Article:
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Circulation. 2002 Jan 22;105(3):316-21.

Randomized, placebo-controlled trial of titrated intravenous lamifiban for acute coronary syndromes.



Platelet glycoprotein IIb/IIIa inhibitors reduce the rate of death or myocardial infarction among patients with acute coronary syndromes without persistent ST-segment elevation, but their effects may depend on plasma concentrations. We tested whether the addition of lamifiban, titrated to achieve target plasma concentrations, to standard care would improve clinical outcomes.


We randomized 5225 patients at 389 centers in 29 countries to receive a bolus and </=72-hour infusion of lamifiban or placebo, adjusted for renal function, with aspirin and heparin. The primary end point was the composite of death, myocardial infarction, or severe, recurrent ischemia at 30 days. Baseline characteristics did not differ significantly by treatment. The primary end point occurred in 11.8% of lamifiban-treated patients and in 12.8% of placebo-treated patients (OR, 0.914; 95% CI, 0.769 to 1.087; P=0.329). Bleeding was more common in lamifiban-treated patients, but intracranial hemorrhage was not increased. Among the subgroup who had plasma lamifiban concentrations measured, 91% had a concentration >18 ng/mL at steady state, but their outcomes did not differ from those with lower concentrations.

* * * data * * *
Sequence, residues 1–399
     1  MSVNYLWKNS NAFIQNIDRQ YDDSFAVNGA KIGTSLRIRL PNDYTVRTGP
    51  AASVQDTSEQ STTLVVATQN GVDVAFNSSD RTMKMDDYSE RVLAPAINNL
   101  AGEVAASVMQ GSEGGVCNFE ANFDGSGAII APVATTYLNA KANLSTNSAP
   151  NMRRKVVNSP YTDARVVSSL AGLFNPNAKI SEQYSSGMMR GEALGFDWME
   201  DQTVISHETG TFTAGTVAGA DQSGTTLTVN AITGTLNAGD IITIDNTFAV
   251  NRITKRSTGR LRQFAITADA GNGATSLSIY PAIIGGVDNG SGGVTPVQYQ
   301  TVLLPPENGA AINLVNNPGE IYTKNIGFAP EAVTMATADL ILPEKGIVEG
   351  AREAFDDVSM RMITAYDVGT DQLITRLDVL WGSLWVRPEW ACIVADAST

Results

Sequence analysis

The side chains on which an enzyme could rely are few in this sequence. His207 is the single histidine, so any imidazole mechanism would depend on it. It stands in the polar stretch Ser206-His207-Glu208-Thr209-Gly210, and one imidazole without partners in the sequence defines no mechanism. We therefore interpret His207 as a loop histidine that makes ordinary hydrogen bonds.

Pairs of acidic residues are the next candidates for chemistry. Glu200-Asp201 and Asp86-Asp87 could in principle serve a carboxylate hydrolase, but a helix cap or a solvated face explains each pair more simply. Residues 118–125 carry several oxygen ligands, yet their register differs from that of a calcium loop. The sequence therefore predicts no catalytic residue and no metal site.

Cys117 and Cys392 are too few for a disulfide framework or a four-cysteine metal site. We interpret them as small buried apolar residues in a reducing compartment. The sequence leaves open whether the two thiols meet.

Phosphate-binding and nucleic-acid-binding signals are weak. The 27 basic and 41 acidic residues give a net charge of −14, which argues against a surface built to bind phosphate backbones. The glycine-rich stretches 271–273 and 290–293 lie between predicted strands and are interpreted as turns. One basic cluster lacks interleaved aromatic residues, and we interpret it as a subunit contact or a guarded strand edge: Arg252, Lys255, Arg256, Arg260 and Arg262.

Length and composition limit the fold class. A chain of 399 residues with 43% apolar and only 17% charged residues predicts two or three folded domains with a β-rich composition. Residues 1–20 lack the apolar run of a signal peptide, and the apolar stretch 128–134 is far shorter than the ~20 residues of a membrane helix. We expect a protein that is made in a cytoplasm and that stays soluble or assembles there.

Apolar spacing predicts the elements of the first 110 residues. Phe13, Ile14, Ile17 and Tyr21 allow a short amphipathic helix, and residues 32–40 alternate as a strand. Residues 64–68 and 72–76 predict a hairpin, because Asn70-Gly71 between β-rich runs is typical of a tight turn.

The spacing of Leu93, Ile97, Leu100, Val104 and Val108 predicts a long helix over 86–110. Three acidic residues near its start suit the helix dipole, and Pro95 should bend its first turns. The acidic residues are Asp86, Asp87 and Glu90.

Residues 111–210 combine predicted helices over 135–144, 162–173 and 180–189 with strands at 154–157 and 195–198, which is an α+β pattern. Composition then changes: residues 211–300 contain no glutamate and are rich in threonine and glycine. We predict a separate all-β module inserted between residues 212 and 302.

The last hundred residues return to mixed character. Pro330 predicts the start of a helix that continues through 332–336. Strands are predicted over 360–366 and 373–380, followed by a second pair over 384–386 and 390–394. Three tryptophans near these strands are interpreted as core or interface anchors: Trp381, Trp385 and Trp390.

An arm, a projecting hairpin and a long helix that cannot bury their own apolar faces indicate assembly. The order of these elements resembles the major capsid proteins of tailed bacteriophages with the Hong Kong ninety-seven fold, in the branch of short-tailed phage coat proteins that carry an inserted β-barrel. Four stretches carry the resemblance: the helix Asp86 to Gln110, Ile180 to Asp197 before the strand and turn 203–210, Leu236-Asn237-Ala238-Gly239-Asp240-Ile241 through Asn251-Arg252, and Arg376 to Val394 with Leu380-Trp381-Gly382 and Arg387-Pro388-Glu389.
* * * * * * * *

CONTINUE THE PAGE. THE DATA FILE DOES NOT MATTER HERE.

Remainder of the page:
Lamifiban showed no significant effects on clinical outcomes in patients with non-ST-elevation acute coronary syndromes, despite achievement of adequate plasma concentrations.

[Indexed for MEDLINE]

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